Common Mental Health Problems
What are some of the common mental health problems of older adults?
The United States Surgeon General reports that while most older adults enjoy good mental health, nearly 20% of those 55 and older experience mental disorders that are not part of normal aging. The following are some of the most common disorders.
Depression is a disorder characterized by feelings of sadness and despair and ranging in severity from mild to life threatening. When a depressed or irritated mood goes beyond a temporary state and interferes with daily living for more than two weeks, it becomes a medical illness that needs to be treated.
Signs of depression in older adults include a persistent anxious or "empty" mood; sleeping too much or too little; reduced appetite and weight loss, or increased appetite and weight gain; loss of interest or pleasure in activities once enjoyed, including sex; irritability; restlessness; persistent physical symptoms that don't respond to treatment, such as chronic pain or digestive disorders; difficulty concentrating, remembering or making decisions; fatigue or loss of energy; feeling guilty, hopeless or worthless; thoughts of death or suicide.
Suicide is the taking of one's own life. Older adults have the highest suicide rate in the country. About 17 older adults take their lives every day. Untreated depression can lead to suicide. One of the unique features of suicide in older adults is that they usually do not commit suicide impulsively. Another is that their attempts are often disguised, which leads to underreporting. There are many that silently give up on life and stop taking care of themselves.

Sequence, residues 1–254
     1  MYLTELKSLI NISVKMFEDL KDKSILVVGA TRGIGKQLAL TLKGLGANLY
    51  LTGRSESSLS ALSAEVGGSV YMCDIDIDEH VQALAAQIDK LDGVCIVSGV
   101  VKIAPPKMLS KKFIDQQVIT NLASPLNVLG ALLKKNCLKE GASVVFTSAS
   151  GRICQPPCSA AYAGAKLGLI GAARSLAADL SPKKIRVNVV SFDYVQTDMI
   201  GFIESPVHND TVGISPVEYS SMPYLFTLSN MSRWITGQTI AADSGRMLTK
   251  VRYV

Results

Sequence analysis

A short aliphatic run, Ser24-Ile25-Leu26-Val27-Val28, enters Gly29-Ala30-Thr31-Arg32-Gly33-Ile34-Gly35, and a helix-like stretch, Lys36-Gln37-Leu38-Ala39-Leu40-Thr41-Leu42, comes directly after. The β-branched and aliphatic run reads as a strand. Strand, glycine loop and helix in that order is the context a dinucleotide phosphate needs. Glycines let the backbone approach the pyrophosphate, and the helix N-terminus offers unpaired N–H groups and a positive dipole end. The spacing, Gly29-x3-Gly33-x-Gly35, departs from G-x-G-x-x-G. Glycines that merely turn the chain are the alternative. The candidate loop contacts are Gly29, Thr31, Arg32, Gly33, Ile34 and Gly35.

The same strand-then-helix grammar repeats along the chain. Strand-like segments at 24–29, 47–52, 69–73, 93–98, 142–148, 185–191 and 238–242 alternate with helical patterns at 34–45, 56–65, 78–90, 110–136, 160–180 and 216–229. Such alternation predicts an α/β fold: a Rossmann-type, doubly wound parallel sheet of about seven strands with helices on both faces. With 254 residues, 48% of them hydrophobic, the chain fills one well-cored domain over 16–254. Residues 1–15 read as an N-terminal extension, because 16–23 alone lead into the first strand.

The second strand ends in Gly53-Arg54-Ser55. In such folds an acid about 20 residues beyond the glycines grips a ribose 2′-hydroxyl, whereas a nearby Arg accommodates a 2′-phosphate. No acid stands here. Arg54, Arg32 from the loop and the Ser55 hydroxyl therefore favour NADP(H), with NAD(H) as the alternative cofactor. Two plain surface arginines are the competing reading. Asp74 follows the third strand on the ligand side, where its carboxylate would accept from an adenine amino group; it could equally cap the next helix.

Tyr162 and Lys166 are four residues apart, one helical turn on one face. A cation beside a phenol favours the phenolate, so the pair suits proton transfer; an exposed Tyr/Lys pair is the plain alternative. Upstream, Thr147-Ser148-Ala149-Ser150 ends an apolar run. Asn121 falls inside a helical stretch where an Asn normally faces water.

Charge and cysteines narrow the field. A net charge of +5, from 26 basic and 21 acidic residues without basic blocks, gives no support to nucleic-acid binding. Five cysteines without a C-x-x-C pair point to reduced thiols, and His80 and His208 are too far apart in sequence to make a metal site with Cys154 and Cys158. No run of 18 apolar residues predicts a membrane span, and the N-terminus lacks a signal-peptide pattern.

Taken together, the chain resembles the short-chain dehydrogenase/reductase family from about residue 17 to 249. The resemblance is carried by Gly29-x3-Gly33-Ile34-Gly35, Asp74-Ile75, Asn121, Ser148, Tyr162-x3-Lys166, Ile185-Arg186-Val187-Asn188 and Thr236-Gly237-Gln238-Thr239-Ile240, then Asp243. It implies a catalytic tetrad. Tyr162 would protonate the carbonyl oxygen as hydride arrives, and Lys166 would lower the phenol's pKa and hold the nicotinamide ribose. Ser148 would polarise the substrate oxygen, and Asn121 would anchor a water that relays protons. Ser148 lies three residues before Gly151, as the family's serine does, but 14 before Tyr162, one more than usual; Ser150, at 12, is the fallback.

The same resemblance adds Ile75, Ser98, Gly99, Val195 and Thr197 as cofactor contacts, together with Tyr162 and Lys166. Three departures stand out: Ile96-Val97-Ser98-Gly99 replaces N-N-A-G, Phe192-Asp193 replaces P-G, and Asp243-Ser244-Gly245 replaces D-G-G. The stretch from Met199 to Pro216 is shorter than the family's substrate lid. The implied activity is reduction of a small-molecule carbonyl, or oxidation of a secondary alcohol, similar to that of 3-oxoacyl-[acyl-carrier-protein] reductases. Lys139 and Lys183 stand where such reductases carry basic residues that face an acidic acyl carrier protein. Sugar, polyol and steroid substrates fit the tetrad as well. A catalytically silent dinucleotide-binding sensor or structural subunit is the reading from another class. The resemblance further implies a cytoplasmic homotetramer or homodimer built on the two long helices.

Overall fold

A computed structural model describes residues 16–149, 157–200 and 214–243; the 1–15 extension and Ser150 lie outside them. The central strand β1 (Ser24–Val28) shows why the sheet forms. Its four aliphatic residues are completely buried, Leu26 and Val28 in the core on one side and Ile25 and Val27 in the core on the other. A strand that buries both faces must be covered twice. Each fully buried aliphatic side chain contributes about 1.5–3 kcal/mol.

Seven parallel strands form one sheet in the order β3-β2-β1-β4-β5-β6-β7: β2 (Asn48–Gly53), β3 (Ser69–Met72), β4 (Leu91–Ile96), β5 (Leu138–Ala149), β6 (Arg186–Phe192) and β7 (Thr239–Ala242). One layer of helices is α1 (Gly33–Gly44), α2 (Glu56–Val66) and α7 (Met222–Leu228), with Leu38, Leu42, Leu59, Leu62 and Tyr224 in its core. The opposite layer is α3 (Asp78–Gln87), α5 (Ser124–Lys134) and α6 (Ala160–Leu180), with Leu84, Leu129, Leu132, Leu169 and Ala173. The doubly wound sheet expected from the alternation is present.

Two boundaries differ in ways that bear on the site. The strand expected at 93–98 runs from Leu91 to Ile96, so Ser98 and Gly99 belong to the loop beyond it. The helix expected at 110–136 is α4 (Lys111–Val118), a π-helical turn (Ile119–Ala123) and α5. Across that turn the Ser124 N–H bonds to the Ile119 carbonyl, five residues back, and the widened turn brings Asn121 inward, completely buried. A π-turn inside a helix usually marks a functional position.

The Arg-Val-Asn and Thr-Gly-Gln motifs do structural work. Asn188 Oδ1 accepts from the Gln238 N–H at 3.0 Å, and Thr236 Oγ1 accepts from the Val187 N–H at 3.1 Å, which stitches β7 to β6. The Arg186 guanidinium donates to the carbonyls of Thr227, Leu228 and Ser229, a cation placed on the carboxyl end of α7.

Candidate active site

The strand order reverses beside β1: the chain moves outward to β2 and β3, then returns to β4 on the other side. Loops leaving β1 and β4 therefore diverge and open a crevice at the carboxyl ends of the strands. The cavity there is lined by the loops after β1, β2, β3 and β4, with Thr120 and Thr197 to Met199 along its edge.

Signs of potential suicide in older adults include talking a lot about suicide and the uselessness of living, having well-defined plans for suicide, a history of alcohol abuse and being depressed.
Dementia is a loss of mental abilities caused by the death or degeneration of brain cells that is not part of normal aging. Involves deterioration of certain functions: amnesia, aproxia - impairment of learned movements, agnosia - failure to recognize what is seen, and aphasia - inability to talk. The majority of dementia victims are older. The likelihood of developing dementia increases with age.
Signs of dementia in older adults include gradual memory loss, decline in the ability to perform routine tasks, disorientation, loss of language skills, impairment of judgment, and personality changes.
Anxiety disorders is an inability to cope with normal fears and worries that interferes with daily living. It can take the form of panic attacks, physical symptoms, phobias, or general anxiety about living. It involves unrealistic or excessive anxiety about life circumstances.
Signs of anxiety disorders include restlessness, muscle tension, intense feelings of stress, obsessive-compulsive behavior. Sometimes physical signs may be confused with the signs of a heart attack, stroke or other medical emergencies.
Alcohol abuse is the use of alcohol to such an extent that it causes physical or mental harm. It often involves needing to take more to have the same effect and having withdrawal symptoms when the person stops consuming. One third of older adult alcoholics develop the disease after age 45. Older adults are more affected by less alcohol because of slower metabolism and the use of medications.
Signs of alcohol abuse include incontinence, sleep problems, poor self-care, malnutrition and a withdrawal from activities.
Misuse of Medications
Misuse of medications is taking prescribed medications in the incorrect amount or dosage, or otherwise contrary to the doctor's order.
Signs of misuse of medication include falls, delirium, confusion, urinary incontinence, insomnia, weakness or lethargy, loss of appetite, changes in speech and depression.